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Buffalo Bisons pitcher Ricky Romero gets some encouragement from pitching coach Bob Stanley in the dugout during the Bisons game against the Gwinnett Braves at Coca-Cola Field in Buffalo, Ont. Wednesday, June 19, 2013. (Kevin Van Paassen/The Globe and Mail)
Buffalo Bisons pitcher Ricky Romero gets some encouragement from pitching coach Bob Stanley in the dugout during the Bisons game against the Gwinnett Braves at Coca-Cola Field in Buffalo, Ont. Wednesday, June 19, 2013. (Kevin Van Paassen/The Globe and Mail)

Struggling Romero taking baby steps toward major league return Add to ...

Ricky Romero stands on the mound before a tiny crowd in a minor-league ballpark nestled near a busy freeway, the way out of town and toward where he wants to go.

He is briefly still, and focused only on this one moment, the next pitch, and the mental strength required to maintain control of that pitch. He tries to channel the boy who once put on his Little League uniform and imagined himself as a big-leaguer.

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For the 28-year-old southpaw, not so long ago a promising starter in the Toronto Blue Jays rotation, each pitch brings him closer or pushes him farther from that highway heading out of Buffalo’s gritty downtown and in the right direction toward Canada.

In left field, a Buffalo Bisons banner that hangs from the netting invites fans to “Catch Tomorrow’s Blue Jays Today.” Romero, who landed at Triple-A Buffalo in May, after starting the season in Dunedin, Fla., and stumbling briefly in the big leagues, hungers to star in Toronto once again.

Less than two seasons from being regarded as one of the club’s top young pitchers, Romero had been the Blue Jays opening day starter two years running, had tossed a few complete-game shutouts, and finished in the top 10 in American League Cy Young Award voting in 2011. Around this time two years ago, he was headed to the All-Star Game, having made the AL team to replace an injured Jon Lester.

Romero put up winning records beginning with his rookie season in 2009, going 13-9 through 29 starts, finishing second on the team only to Cy Young award winner Roy Halladay. The following season, Romero went 14-9, and improved to 15-11 in 2011 with a 2.92 ERA. With each passing season, Romero pitched more innings as the number of hits surrendered fell and the number of strikeouts grew.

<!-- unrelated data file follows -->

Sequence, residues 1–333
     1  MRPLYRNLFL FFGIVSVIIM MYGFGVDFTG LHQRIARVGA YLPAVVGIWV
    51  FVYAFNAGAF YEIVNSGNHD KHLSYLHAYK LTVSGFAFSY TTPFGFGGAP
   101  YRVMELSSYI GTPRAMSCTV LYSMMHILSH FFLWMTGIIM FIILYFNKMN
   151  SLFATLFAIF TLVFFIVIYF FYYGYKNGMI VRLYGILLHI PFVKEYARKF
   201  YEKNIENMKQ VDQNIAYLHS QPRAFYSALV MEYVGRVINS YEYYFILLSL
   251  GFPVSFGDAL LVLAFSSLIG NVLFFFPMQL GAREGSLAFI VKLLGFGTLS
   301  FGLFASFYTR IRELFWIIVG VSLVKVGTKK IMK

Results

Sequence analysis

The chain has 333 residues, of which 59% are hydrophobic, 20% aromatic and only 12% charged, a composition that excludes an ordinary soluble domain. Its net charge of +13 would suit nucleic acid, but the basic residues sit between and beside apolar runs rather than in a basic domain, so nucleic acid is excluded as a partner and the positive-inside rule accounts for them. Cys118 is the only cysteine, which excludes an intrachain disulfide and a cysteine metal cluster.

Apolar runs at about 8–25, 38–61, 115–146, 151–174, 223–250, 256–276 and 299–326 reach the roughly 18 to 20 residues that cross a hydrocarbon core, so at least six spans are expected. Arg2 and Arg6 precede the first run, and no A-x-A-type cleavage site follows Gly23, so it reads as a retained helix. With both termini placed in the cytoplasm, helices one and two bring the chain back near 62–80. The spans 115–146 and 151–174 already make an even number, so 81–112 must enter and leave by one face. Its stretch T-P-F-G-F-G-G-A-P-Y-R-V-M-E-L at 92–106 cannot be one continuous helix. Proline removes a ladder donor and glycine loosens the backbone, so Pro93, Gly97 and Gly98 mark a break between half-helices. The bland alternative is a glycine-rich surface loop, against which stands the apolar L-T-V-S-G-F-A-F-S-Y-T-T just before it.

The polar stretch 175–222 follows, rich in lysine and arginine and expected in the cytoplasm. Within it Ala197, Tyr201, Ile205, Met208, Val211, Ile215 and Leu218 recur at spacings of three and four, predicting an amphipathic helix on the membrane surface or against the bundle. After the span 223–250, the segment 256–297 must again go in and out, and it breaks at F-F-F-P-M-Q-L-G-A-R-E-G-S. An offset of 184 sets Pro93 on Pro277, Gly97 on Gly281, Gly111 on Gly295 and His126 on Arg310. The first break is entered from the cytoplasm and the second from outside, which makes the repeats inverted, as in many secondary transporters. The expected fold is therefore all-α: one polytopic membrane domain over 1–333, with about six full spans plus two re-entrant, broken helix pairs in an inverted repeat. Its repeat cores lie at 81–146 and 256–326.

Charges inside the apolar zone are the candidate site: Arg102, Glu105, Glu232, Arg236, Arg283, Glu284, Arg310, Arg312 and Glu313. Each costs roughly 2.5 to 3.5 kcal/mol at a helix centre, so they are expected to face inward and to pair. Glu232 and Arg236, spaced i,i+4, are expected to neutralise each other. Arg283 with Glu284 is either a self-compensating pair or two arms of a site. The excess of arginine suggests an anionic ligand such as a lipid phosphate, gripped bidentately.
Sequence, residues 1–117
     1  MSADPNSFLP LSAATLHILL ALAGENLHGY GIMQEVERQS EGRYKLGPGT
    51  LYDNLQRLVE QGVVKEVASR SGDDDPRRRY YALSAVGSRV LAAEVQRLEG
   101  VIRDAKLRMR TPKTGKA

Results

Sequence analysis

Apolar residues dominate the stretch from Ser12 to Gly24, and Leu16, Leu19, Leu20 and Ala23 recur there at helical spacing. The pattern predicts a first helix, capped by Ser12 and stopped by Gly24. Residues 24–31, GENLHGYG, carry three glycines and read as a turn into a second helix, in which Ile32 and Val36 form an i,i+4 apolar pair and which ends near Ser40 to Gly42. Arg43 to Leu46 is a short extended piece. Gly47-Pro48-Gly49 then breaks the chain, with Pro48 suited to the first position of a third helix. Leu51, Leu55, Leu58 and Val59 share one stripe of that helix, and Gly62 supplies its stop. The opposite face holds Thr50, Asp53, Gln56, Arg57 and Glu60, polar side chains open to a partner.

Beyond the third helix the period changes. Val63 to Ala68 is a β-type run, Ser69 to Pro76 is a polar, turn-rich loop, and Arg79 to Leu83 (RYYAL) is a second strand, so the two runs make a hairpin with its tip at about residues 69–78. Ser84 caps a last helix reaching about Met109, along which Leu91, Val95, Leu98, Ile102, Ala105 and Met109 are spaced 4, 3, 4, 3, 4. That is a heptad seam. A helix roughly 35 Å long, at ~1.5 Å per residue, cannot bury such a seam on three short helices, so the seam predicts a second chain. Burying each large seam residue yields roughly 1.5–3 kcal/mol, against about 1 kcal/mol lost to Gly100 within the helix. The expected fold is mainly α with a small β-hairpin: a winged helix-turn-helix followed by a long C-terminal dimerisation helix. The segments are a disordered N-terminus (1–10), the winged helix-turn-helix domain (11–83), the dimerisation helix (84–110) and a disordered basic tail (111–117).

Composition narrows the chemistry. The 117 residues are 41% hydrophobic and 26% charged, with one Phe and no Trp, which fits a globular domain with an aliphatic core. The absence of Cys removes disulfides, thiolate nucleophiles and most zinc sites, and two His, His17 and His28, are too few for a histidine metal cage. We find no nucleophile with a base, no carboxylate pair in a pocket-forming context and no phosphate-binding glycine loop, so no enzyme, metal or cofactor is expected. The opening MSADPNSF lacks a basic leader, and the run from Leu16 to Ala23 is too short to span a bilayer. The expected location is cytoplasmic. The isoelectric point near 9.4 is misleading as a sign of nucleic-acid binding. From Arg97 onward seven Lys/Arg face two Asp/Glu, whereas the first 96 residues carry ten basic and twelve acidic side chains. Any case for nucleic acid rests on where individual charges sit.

Then, in 2012, it began to slip away. He finished the season 9-14. Innings pitched diminished and so did the strikeouts, as other numbers exploded against him – hits, runs, earned runs. His ERA nearly doubled to 5.77 from the previous season.

Romero can’t explain why he began to lose control in games late last season, and why he couldn’t overcome the problem in Dunedin this spring, or during a disastrous two-game recall to Toronto early in 2013, a problem he wasn’t even sure he could identify. Back in Buffalo, he had some decent innings and some combustible ones.

He tinkered with his mechanics, watched video of himself and considered an avalanche of coaching advice, all as nothing seemed to help.

Then, he decided to abandon the changes and return to the delivery that always felt most natural to him, one that always worked for him.

Romero has taken the mound a dozen times as a starter in Buffalo, but he didn’t get his first win until this week, in a 6-2 victory over the state rival Syracuse Chiefs. He gave up two runs on six hits, walked just two and struck out seven, a season high. This on the heels of some quality starts, as he’s muscled down his ERA to 6.15.

In early June, he said he was convinced he was on his way to fixing things, despite some critics who suggested his major-league career was effectively over. Ask Romero where he sees himself a year from now, and he doesn’t hesitate.

“In the big leagues, absolutely, back in Toronto, and I do believe they are in my corner,” he said.

There are a dizzying number of player transactions made across Major League Baseball between the big clubs and their minor-league affiliates in a season. Stints in the minors can be a short-and-sweet step on the way back from injury or an agonizing stretch that feels career-threatening.

Romero has wondered why people are so fascinated with his struggle. He believes this is simply another chapter in a journey for a guy who grew up in East Los Angeles and was not expected to play U.S. college ball or get drafted.

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